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(searched for: doi:10.1080/02763893.2018.1561593)
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Published: 6 October 2021
Journal of Aging and Environment pp 1-17; https://doi.org/10.1080/26892618.2021.1987372

Abstract:
This ethnographic study explores an old age home in a former township in Walvis Bay, Namibia as an institution to investigate its potential to be interwoven in community care services for older adults. Interviews with older adults from the community revealed highly negative opinions about the residence that equated it to an institution. These opinions are compared with conditions in the OAH and the residents’ views. The old age home was much more heterogenous as regards the composition of residents than what was perceived by older adults who lived in the community, who considered the home an option only for people who were childless or had been abandoned. Older adults who voluntarily lived alone in the home represented a new lifestyle that challenged the traditional family care practice that is the norm in later life. There was however some truth to the interviewees’ perceptions of coercive elements, both in terms of practices and architectural design. The paper argues that it is necessary to reduce the stigma that prevents residential care from being an accepted part of community care and a housing option in the future. The study result shows a number of potentialities that can contribute to this.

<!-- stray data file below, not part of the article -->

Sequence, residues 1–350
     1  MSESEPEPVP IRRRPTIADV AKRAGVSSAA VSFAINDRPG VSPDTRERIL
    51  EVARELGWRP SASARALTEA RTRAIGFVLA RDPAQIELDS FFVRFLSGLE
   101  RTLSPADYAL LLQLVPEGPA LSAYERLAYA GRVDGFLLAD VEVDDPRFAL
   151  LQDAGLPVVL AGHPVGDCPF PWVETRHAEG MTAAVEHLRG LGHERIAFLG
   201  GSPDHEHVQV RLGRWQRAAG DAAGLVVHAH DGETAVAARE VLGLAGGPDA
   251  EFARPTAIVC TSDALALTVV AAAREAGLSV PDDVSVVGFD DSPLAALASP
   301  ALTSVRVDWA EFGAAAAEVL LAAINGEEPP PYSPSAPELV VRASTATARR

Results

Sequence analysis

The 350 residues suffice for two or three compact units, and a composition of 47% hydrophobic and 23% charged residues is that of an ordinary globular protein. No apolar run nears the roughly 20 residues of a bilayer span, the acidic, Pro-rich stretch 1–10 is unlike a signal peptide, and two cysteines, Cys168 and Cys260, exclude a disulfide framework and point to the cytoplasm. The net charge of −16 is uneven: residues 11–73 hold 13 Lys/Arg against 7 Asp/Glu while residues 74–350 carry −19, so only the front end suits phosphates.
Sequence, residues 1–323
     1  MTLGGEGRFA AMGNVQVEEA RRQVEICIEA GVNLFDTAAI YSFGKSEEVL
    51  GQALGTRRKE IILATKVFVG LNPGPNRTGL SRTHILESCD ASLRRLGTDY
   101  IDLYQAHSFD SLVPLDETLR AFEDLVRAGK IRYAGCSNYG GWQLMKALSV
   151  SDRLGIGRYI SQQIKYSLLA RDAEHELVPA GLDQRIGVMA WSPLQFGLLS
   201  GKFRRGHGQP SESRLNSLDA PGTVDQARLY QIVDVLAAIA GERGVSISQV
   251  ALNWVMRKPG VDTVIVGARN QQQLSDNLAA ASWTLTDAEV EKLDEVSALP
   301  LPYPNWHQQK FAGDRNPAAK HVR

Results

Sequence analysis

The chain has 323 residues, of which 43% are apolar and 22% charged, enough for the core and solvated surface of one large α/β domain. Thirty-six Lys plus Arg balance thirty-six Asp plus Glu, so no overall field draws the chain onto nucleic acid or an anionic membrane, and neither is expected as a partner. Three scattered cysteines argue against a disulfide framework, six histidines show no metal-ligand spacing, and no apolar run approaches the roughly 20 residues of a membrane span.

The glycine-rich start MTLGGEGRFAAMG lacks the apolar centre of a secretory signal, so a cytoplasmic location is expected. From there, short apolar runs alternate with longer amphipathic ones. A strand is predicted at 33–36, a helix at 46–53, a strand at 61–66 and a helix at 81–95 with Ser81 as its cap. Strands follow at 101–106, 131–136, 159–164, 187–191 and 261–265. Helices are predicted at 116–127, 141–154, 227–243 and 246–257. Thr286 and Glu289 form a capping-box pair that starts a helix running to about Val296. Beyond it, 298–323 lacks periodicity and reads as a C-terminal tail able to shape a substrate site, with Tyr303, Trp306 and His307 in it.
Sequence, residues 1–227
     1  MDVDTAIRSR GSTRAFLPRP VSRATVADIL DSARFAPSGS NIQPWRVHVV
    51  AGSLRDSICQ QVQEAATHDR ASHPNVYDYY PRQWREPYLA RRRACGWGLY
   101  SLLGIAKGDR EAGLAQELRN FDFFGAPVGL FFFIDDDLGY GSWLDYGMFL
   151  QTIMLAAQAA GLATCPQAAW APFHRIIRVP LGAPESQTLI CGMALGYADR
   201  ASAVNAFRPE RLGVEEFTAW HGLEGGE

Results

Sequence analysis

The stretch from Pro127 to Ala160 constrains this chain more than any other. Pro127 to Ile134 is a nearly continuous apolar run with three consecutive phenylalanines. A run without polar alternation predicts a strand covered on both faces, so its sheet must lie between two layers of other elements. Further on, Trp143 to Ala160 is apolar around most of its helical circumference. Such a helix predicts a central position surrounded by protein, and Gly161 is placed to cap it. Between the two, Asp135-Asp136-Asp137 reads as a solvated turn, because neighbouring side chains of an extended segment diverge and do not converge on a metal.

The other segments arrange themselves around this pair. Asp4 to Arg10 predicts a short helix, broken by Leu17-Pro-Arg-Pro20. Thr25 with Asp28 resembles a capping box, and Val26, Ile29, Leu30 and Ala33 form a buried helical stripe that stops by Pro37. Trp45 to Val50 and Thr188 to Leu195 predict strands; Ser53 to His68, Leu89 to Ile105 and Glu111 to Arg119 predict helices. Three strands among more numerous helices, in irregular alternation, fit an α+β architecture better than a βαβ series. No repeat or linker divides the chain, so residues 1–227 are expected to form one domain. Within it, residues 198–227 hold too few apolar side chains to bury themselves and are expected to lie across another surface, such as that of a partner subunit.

, Jennifer Ozmetin, Judith Beverly,
Published: 11 December 2020
Journal of Aging and Environment, Volume 35, pp 433-449; https://doi.org/10.1080/26892618.2020.1858383

Abstract:
With the increase in life expectancy in the United States comes an increase in years lived with a disability and poverty. This necessitates age-friendly, affordable housing that is appropriate for older adults with disabilities. Board and care homes provide housing and services for older adults with disabilities. This scoping review maps the literature on board and care homes in the United States following the age-friendly communities framework. A synthesis of articles (n = 10) revealed that board and care homes, while probably affordable, can be unsafe; variable in services provided; are mostly unregulated; and may lack opportunities for socialization.
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